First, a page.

Click bait alert: To be clear, I got paid to drink coffee.
And 5-Hour Energy.
But, mostly coffee.
Which is ironic because the name of this commercial is When Coffee is a Hassle Try 5-Hour Energy.
And I was also getting paid to have my hair and make-up done.
And I was sitting around, waiting.
Such is life while on set...
I had resigned from my post as Deputy Mayor of my hometown (Westland, Michigan) nearly six months prior to pursue my freelance writing career, and I was also studying to earn my yoga teaching certification -- a program which wasn't cheap and that I paid for by doing commercials and industrial films.
All but one of the commercials I had shot up to that point were for local companies, which meant the commercials were pretty much only seen in my neck of the woods.
On November 30, 2010, I auditioned for a national television commercial for 5-Hour Energy.
Honestly, I didn't give much thought to whether I'd get the part or not.
When you audition as much as I did, it becomes a grind, and you develop thick skin. (Which is excellent training for the real world, by the way.)
I may think I did well, but it only matters what the client (read: casting director of that particular company) thinks -- and I may have, in fact, done well.
But for whatever reason, if my look is not what they are looking for, I won't be chosen.
And it's on to the next.
So for this 5-Hour Energy audition -- which took all of 45 seconds -- the client asked me to act as if I was pissed off while waiting in line for my coffee.
Nothing more, nothing less.
I guess I was the right kind of pissed because five days later, my agent, Linda, called to tell me that I got the part, that the commercial would be shot at a coffeehouse in Bloomfield Hills, Michigan, and that the client would be in touch within the next day or two with more details.
Fast forward to Friday, December 10.
I awake at nearly 6 a.m. and drive to the set with a suitcase filled with business attire in tow.
The protocol with regard to wardrobe on commercial sets is that actors bring four or five clothing options that the client would like, but there is also a stylist on set who may bring clothing as well.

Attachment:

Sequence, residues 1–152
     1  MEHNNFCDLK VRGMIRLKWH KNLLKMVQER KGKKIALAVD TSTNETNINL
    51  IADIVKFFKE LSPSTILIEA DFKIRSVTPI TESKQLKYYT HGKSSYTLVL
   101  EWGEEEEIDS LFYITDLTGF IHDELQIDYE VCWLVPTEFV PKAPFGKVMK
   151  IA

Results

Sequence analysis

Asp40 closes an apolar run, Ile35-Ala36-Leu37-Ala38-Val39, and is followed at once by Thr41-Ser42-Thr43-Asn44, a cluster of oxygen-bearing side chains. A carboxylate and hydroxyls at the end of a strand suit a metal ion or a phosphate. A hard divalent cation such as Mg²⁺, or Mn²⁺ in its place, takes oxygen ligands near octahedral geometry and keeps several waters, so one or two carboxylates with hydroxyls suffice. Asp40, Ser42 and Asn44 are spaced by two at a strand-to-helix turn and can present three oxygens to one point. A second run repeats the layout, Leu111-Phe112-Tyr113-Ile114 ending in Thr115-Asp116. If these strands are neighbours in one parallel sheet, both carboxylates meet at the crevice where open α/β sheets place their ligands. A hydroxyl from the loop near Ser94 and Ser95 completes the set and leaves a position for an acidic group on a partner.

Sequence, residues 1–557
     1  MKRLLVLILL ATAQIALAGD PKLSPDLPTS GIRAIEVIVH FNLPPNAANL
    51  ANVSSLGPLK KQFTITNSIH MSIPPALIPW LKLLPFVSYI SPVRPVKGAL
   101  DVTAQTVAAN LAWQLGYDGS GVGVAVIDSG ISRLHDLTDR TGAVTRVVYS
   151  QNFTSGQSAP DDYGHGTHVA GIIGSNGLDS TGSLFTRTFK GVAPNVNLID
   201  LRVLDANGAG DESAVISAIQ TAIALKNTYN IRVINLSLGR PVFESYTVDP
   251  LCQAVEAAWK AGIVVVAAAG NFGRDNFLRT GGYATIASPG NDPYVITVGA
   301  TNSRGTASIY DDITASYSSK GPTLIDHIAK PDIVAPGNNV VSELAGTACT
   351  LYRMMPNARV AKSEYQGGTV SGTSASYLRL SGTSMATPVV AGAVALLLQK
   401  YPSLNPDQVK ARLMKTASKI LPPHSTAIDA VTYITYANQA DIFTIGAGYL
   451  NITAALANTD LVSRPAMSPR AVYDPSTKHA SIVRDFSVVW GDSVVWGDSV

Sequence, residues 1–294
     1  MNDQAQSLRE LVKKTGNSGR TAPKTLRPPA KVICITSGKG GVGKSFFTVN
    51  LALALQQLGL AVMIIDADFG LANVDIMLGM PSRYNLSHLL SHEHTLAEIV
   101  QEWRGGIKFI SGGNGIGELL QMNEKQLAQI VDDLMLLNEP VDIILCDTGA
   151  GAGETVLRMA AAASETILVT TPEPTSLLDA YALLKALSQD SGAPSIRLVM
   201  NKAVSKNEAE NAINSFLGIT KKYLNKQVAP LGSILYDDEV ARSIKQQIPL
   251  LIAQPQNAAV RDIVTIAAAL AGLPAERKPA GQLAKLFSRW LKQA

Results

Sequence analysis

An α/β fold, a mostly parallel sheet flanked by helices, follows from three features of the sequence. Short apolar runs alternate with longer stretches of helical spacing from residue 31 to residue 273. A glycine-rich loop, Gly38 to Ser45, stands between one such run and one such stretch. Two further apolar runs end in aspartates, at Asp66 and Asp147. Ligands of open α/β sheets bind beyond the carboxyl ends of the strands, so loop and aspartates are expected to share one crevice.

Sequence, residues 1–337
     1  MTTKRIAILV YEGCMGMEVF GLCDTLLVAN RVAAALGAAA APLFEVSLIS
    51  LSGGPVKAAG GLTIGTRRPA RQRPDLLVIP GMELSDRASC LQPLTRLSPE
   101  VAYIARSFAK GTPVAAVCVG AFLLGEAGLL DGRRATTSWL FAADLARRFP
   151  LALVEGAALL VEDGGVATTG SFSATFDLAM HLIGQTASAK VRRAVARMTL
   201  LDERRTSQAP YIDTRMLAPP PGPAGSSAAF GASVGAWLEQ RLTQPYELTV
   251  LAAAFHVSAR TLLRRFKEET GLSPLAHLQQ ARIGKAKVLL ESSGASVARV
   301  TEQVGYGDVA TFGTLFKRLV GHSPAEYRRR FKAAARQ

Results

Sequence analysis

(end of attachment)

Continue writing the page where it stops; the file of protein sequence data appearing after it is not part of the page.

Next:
Nothing I brought tickled the client's fancy, so they clothed me from head to toe in a pair of black slacks, a button-down shirt, and a thick, heavy down parka.
Meanwhile, I was offered to try a smorgasbored of 5-Hour Energy, but because I had never had any before, I was afraid of how I might react.
I didn't want to become Carlton in that Fresh Prince of Bel-Air episode when he takes speed at the school dance.
So I stuck with coffee.
And I watched Regis and Kelly.
And I think I read half an issue of Cosmopolitan.
And I read a newspaper.
And then waited some more.
Finally, it was time for me to shoot my part, which, no lie, took not even twenty minutes.
My wait was longer than my actual work.
And then the crew had lunch catered.
It was delicious.
And then I blew that Popsicle stand and spent the rest of the afternoon at the T.J. Maxx up the street.
In all, my time on set was about four hours.
And I was compensated damn well for it.
So much so, that when my check arrived in the mail about a month later, it satisfied the balance of my yoga teacher training tuition. And then some.
Here's the finished product. You'll find me at 0:04 and 0:09 in all of my pissed off glory:
And to be clear, I was acting.
I would sooner leave an establishment before I ever looked like this in a coffee line.
I worked at The Coffee Beanery once.
I know what those baristas go through when they're in the weeds...